The Net Internal Rate Of Return - Net IRR

AAA

DEFINITION of 'The Net Internal Rate Of Return - Net IRR '

A measure of a portfolio or fund's performance that is equal to the internal rate of return (IRR) after management fees and carried interest have been accounted for. It is a capital budgeting and portfolio management term.

INVESTOPEDIA EXPLAINS 'The Net Internal Rate Of Return - Net IRR '

The IRR is a discount rate where the present value of future cash flows of an investment is equal to the cost of the investment. The net IRR is a modified IRR value that has taken into consideration management fees and any carried interest.

RELATED TERMS
  1. Cost Of Capital

    The required return necessary to make a capital budgeting project, ...
  2. Pooled Internal Rate Of Return ...

    A method of calculating the overall internal rate of return (IRR) ...
  3. Internal Rate Of Return - IRR

    The discount rate often used in capital budgeting that makes ...
  4. Revenue

    The amount of money that a company actually receives during a ...
  5. Expense

    1. The economic costs that a business incurs through its operations ...
  6. Capital Budgeting

    The process in which a business determines whether projects such ...
RELATED FAQS
  1. What's the difference between net present value and internal rate of return? How ...

    Both of these measurements are primarily used in capital budgeting, the process by which companies determine whether a new ... Read Full Answer >>
  2. Which is a better measure for capital budgeting, IRR or NPV?

    In capital budgeting, there are a number of different approaches that can be used to evaluate any given project, and each ... Read Full Answer >>
  3. How much of a diversified portfolio should be invested in the electronics sector?

    The electronics sector tracks closely with the broader market, making it a cyclical sector with average volatility. Electronics ... Read Full Answer >>
  4. What are some common questions an interviewer may ask during an interview for a position ...

    When interviewing for a job at an investment bank, a candidate is likely to answer questions about his career and education ... Read Full Answer >>
  5. What is the difference between a simple random sample and a stratified random sample?

    Simple random samples and stratified random samples differ in how the sample is drawn from the overall population of data. ... Read Full Answer >>
  6. What is the relationship between the hurdle rate (MARR) and the Internal Rate of ...

    In capital budgeting, projects are often evaluated by comparing the internal rate of return, or IRR, on a project to the ... Read Full Answer >>
Related Articles
  1. Fundamental Analysis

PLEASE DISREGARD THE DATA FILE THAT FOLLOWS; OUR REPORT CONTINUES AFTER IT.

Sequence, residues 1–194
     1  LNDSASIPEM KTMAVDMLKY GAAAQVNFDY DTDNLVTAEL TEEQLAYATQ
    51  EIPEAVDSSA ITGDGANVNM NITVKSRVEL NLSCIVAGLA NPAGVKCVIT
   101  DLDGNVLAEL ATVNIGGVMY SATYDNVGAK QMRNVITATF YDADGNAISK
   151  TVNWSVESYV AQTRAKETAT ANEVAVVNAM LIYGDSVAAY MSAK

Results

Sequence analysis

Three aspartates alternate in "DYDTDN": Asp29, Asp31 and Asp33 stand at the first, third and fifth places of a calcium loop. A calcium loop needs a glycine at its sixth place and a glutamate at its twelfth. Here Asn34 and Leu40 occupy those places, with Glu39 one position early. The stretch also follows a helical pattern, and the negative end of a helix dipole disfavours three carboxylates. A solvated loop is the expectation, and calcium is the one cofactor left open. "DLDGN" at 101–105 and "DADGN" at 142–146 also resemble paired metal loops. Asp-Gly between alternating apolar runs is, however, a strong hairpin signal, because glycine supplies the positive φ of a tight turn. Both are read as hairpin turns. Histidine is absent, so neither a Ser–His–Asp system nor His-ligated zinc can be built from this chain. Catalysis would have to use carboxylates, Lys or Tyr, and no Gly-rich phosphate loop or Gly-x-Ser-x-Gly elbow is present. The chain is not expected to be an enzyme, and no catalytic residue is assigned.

The 4 R's Of Investing In Retail

    In retail, successfully managing return on investment (ROI) and other financial indicators is the key to a healthy business.
  2. Options & Futures

    How Risk Free Is The Risk-Free Rate Of Return?

    This rate is rarely questioned - unless the economy falls into disarray.
  3. Fundamental Analysis

    Internal Rate Of Return: An Inside Look

    Use this method to choose which project or investment is right for you.
  4. Fundamental Analysis

    Gauge Portfolio Performance By Measuring Returns

    Calculate returns frequently and accurately to ensure that you're meeting your investing goals.
  5. Economics

    Modified Internal Rate of Return (MIRR)

    Modified internal rate of return (MIRR) is a variant of the more traditional internal rate of return calculation.
  6. Fundamental Analysis

    What is Quantitative Analysis?

    Quantitative analysis refers to the use of mathematical computations to analyze markets and investments.
  7. Fundamental Analysis

    Understanding the Simple Random Sample

    A simple random sample is a subset of a statistical population in which each member of the subset has an equal probability of being chosen.
  8. Economics

    What is Systematic Sampling?

    Systematic sampling is similar to random sampling, but it uses a pattern for the selection of the sample.
  9. Fundamental Analysis

    Explaining Expected Return

    The expected return is a tool used to determine whether or not an investment has a positive or negative average net outcome.
  10. Fundamental Analysis

    Explaining the Geometric Mean

    The average of a set of products, the calculation of which is commonly used to determine the performance results of an investment or portfolio.

You May Also Like

Hot Definitions
  1. Fiduciary

    1. A person legally appointed and authorized to hold assets in trust for another person. The fiduciary manages the assets ...
  2. Expected Return

    The amount one would anticipate receiving on an investment that has various known or expected rates of return. For example, ...
  3. Carrying Value

    An accounting measure of value, where the value of an asset or a company is based on the figures in the company's balance ...
  4. Capital Account

    A national account that shows the net change in asset ownership for a nation. The capital account is the net result of public ...
  5. Brand Equity

    The value premium that a company realizes from a product with a recognizable name as compared to its generic equivalent. ...
Trading Center